“…a patient will talk me through an issue or a situation or they’re a bit worried about…we’ll write down what the patient is thinking, what their mood is like …And they can then start to identify how their mood is impacting on what they’re thinking, and what they’re thinking can impact on their mood. And I’ll separate that off into behaviours, health behaviours – usually avoidance…it is a bit of a wow factor for them…So I always photocopy it and give a copy to the patient” (OT6).

Several other techniques, such as double-sided reflection, gently challenging beliefs, and interpreting pros and cons of a behaviour, were often effective for helping patients to analyse their current situation, re-think behaviours and open up possible ways forward. Goal setting was an aspect of training that several participants found difficult to incorporate into their practice, typically due long periods between visits (goal-setting requires regular review and updating or addressing problems).

“I have really struggled with the goal setting and then goal follow-up…I set a goal with a chap to do a bit of exercise and I said, ‘Right, I’ll follow up.’ Now because I wasn’t going to see him for his arthritis for about four months or something, or possibly even longer, that seemed far too long” (P2).

However, those who used this approach described getting the patient to analyse the small steps needed to reach the longer term goal; then using rating scales to check personal importance and confidence that the goal was realistic.

“…I talk about how you would actually sort of look at activity that you want to do and get back to how you can hone it down to sort of one thing, break it down into all its parts, and then all the steps that are needed to actually get you to the place you want to be. And then using the same system that **** [programme tutor] taught us about, a reward at the end, and about scoring your likelihood to achieve it.” (OT3)


This study explored the experiences of rheumatology clinicians who had undertaken brief training in approaches to support self-management. The aims were to understand which aspects were helpful or unhelpful, and to identify the barriers and facilitators of applying the skills in clinical practice. Three overarching themes were identified: putting theory into practice; challenging professional identity; and enhanced practice.

In Theme 1, participants identified the need for training to be brief, have an applied focus, and balance theory with time to practice skills. One issue to emerge was a preference for condition-specific training, using examples from rheumatology. This mirrors the finding from the patient perspective, that condition-specific self-management interventions are more effective than generic ones; and suggests the value of shared experience in a learning environment [26]. Participants thought that it would be beneficial if whole clinical teams could train together. This could generate a better understanding of self-management and increase the likelihood of wide adoption of these approaches [27]. However, participants acknowledged the logistical challenges of teams attending training at the same time. A key element of this theme was the positive impact of clinical supervision to help embed skills in clinical practice, and develop more advanced techniques over time. Transfer of training theory proposes that higher levels of supervision increase the likelihood of the successful transfer of learning outcomes into changes in practice [28]. This was found in research into brief cognitive-behavioural training for clinicians working in palliative care, where clinical supervision was necessary to maintain skills and build confidence [29].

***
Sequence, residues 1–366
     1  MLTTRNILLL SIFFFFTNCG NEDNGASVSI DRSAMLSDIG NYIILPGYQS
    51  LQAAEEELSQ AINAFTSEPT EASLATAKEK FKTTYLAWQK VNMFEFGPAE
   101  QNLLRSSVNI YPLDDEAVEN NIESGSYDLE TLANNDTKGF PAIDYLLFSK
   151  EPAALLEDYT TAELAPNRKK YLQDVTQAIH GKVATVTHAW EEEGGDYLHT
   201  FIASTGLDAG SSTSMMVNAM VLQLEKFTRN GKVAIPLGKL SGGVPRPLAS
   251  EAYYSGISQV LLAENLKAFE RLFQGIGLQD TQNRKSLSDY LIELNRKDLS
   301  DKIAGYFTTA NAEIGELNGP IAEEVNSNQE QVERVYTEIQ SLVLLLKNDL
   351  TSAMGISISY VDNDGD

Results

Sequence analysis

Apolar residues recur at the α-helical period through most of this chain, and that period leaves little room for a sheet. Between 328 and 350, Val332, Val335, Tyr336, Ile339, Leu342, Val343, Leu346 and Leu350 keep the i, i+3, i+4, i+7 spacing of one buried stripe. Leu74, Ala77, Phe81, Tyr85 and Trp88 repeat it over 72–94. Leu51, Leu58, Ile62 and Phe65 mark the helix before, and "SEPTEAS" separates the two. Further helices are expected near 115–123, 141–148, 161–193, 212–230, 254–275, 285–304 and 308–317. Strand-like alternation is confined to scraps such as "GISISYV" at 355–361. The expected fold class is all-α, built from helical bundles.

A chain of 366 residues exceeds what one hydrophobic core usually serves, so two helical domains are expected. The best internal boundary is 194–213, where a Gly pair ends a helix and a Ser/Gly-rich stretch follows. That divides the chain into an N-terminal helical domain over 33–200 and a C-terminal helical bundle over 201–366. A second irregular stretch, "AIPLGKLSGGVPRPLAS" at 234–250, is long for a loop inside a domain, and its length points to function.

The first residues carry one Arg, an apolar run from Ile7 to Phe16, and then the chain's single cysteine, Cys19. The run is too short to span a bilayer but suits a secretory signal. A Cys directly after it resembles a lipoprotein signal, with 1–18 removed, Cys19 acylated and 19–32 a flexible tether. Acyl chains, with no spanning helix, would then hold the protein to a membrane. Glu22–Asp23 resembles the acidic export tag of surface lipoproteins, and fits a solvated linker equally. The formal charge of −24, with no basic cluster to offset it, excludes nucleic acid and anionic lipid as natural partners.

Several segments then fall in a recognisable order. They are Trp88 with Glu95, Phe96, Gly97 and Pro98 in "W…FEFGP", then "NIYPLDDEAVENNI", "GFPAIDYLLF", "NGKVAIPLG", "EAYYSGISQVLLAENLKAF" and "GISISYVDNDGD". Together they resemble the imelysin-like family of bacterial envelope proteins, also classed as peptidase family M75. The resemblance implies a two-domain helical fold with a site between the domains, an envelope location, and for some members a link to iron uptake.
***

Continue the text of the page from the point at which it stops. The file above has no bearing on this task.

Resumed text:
Theme 2 captured how the professional identities, working cultures and models of care of the clinicians influenced learning and implementation of self-management approaches. Job involvement (the degree to which someone identifies with their professional role, actively participates in it, and considers it important to their self-worth) has been established as an important factor in implementing skills after training. High job involvement increases the motivation to transfer learning to the work setting [30]. In this current study, participants’ reflection on their professional role and their decision to undertake training to enhance their clinical skills could indicate high job involvement. Although many participants found that training made a positive difference to their clinical practice, support for using self-management approaches was not always widespread among their peers and managers. This is a significant finding, as research has found that a supportive work environment increases the likelihood that skills and knowledge acquired in training will be maintained over time [31]. It is possible that the levels of organisational and team support will change over time, as it has been recognised that clinicians need skills in self-management support to assist patients to better adhere to medical management and lifestyle behaviour change, if optimal health outcomes are to be achieved and costs are to be contained [32, 33]. This theme showed that supporting self-management can be viewed as the responsibility of the team. However, clinicians in different professions are likely to work at different levels, and the important issue becomes effective use of the range of skills within the team [34]. A study with general practitioners found that training and facilitation of self-management had to be within the framework of addressing biomedical aspects of care, as this was deemed to be their primary role [35]. Therefore, it would be helpful to acknowledge the perceived remits of different rheumatology clinicians during skills training, and explore how skills to facilitate self-management can be used in their particular context. Participants’ descriptions of the impact of the wider team highlight that individual clinicians, managers, and systems are all needed to bring about change and to incorporate theoretically-informed approaches to supporting self-management into existing ways of working [27].